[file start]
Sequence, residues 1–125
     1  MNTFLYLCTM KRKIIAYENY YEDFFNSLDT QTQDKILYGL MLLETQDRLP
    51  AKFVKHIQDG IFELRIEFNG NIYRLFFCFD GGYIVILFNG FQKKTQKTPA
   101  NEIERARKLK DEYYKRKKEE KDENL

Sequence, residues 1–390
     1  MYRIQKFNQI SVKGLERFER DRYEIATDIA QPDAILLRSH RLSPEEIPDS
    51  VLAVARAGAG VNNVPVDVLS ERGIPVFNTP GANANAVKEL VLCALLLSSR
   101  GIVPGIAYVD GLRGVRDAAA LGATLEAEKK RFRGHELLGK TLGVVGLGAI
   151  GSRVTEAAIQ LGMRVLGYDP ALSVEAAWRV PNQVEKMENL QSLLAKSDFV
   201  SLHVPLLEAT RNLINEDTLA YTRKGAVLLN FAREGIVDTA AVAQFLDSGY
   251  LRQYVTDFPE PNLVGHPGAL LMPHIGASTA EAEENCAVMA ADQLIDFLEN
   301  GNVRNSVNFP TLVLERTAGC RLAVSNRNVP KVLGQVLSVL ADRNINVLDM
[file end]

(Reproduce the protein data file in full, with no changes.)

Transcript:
Sequence, residues 1–125
     1  MNTFLYLCTM KRKIIAYENY YEDFFNSLDT QTQDKILYGL MLLETQDRLP
    51  AKFVKHIQDG IFELRIEFNG NIYRLFFCFD GGYIVILFNG FQKKTQKTPA
   101  NEIERARKLK DEYYKRKKEE KDENL

Sequence, residues 1–390
     1  MYRIQKFNQI SVKGLERFER DRYEIATDIA QPDAILLRSH RLSPEEIPDS
    51  VLAVARAGAG VNNVPVDVLS ERGIPVFNTP GANANAVKEL VLCALLLSSR
   101  GIVPGIAYVD GLRGVRDAAA LGATLEAEKK RFRGHELLGK TLGVVGLGAI
   151  GSRVTEAAIQ LGMRVLGYDP ALSVEAAWRV PNQVEKMENL QSLLAKSDFV
   201  SLHVPLLEAT RNLINEDTLA YTRKGAVLLN FAREGIVDTA AVAQFLDSGY
   251  LRQYVTDFPE PNLVGHPGAL LMPHIGASTA EAEENCAVMA ADQLIDFLEN
   301  GNVRNSVNFP TLVLERTAGC RLAVSNRNVP KVLGQVLSVL ADRNINVLDM